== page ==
data ThrottledEvent a = TimerEvent | RealEvent a deriving Show

main = start $ do
    f   <- frame [text := "Countercesss"]
    sl1  <- hslider f False 0 100 []
    sl2  <- hslider f False 0 100 []
    set f [ layout := column 0 [widget sl1, widget sl2] ]
    t <- timer f []
    set t [ enabled := False ] 
    let networkDescription :: forall t. NetworkDescription t ()
        networkDescription = do
        slEv <- event0 sl1 command
        tick <- event0 t command 
        slB <- behavior sl1 selection
        let (throttledEv, reactimates) = throttle (slB <@ slEv) tick t 100
        reactimate $ fmap (\x ->  set sl2 [selection := x]) throttledEv       
    net <- compile networkDescription
    actuate net            

throttle::Event t a -> Event t () -> Timer -> Int -> (Event t a, NetworkDescription t () )    
throttle ev tick timer dt = (throttledEv, reactimates)
                all = union (fmap (\x-> RealEvent x) ev) (fmap (\x -> TimerEvent) tick)
                result = accumE Stopped $ fmap h all
                        h (RealEvent x) Stopped = FireNowAndStartTimer x
                        h TimerEvent Stopped = Stopped
                        h (RealEvent x) (FireNowAndStartTimer _) = HoldIt x
                        h TimerEvent (FireNowAndStartTimer _) = Stopped
                        h (RealEvent x) (HoldIt _) = HoldIt x
                        h (TimerEvent) (HoldIt y) = FireStoredValue y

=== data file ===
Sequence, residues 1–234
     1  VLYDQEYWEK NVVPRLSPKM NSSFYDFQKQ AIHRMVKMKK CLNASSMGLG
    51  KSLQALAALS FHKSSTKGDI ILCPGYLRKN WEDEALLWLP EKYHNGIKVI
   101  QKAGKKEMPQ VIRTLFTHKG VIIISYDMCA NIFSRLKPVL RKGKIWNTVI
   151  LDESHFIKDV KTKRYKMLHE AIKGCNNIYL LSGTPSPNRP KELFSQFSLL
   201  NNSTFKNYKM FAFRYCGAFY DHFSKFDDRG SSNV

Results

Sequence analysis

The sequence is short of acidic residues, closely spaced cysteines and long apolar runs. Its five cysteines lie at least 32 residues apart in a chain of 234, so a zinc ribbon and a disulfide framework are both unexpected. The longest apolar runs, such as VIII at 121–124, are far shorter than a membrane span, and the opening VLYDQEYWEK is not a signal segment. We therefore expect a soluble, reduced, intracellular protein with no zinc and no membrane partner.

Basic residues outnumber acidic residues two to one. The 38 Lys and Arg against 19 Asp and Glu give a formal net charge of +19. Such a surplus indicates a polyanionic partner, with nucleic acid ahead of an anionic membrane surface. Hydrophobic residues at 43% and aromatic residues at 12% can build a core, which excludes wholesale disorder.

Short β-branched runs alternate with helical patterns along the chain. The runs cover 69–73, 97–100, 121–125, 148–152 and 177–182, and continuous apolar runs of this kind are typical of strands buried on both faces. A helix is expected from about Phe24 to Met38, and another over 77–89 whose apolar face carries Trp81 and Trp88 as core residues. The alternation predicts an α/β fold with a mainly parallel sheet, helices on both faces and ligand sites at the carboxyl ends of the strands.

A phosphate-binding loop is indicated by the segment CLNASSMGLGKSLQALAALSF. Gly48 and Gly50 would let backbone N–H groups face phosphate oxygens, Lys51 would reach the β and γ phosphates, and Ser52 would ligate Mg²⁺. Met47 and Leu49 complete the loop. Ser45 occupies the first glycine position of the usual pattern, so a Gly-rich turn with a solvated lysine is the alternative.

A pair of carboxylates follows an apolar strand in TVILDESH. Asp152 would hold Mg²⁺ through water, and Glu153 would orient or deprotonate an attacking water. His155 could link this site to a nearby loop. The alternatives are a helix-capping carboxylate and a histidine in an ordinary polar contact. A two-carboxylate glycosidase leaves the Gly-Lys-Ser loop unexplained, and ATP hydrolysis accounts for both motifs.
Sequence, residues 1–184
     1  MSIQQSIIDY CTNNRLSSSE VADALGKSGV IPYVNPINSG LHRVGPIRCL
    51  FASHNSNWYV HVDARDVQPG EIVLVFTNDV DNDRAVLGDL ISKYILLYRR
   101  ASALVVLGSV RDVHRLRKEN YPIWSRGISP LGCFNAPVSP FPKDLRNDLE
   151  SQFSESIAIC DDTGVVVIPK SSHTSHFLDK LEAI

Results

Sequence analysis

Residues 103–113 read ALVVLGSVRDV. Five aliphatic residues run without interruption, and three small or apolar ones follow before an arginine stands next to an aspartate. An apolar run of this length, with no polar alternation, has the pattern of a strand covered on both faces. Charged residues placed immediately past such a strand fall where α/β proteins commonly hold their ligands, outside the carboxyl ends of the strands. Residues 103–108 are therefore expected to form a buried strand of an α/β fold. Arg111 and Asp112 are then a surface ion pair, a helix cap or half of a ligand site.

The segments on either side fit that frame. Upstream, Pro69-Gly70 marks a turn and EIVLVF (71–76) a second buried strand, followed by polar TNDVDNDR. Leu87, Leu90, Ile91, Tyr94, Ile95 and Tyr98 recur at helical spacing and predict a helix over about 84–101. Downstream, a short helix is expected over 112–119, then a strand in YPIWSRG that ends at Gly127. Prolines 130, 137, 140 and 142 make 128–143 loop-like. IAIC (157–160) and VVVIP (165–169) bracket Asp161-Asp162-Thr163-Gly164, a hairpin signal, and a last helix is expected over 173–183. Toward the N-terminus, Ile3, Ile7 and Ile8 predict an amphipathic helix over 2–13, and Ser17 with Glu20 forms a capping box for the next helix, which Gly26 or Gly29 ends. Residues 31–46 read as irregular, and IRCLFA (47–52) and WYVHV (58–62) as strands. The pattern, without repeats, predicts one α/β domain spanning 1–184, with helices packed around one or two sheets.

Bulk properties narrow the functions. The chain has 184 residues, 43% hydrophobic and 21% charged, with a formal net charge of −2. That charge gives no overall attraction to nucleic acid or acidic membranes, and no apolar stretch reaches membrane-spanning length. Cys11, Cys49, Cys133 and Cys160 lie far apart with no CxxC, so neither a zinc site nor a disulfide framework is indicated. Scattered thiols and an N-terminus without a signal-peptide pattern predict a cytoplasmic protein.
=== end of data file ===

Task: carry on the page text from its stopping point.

h (RealEvent x) (FireStoredValue _) = HoldIt x
                        h (TimerEvent) (FireStoredValue _) = Stopped          
                start (FireStoredValue a) = Just $ resetTimer timer dt
                start (FireNowAndStartTimer a) = Just $ resetTimer timer dt
                start _ = Nothing  
                stop Stopped = Just $ stopTimer timer
                stop _ = Nothing  
                reactimates = do
                        reactimate $ filterJust $ fmap stop result   
                        reactimate $ filterJust $ fmap start result
                filterFired (FireStoredValue a) = Just a
                filterFired (FireNowAndStartTimer a) = Just a
                filterFired _ = Nothing
                throttledEv = filterJust $ fmap filterFired result                 

startTimer t dt = set t [ enabled := True, interval := dt ]
stopTimer t = set t [ enabled := False ]
resetTimer t dt = stopTimer t >> startTimer t dt
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If you're not happy with IO, you can implement the timer as something that listens to an event containing messages ("start", "stop", "reset") and returns another event. In general, I would recommend to put the functions that use reactimate into the NetworkDescription monad, i.e. throttle :: ... -> NetworkDescription t (Event t a) instead of throttle :: .. -> (Event t a, NetworkDescription t ()). – Heinrich Apfelmus Jun 9 '12 at 16:20
Ok, that makes it indeed much cleaner and in terms of syntax is not much different from having throttle::Event t a -> Int -> Event t a (just use <- instead of let in the do statement). I've reimplemented with your suggestion: I think I'm pretty happy with this solution. – miguel.negrao Jun 10 '12 at 14:17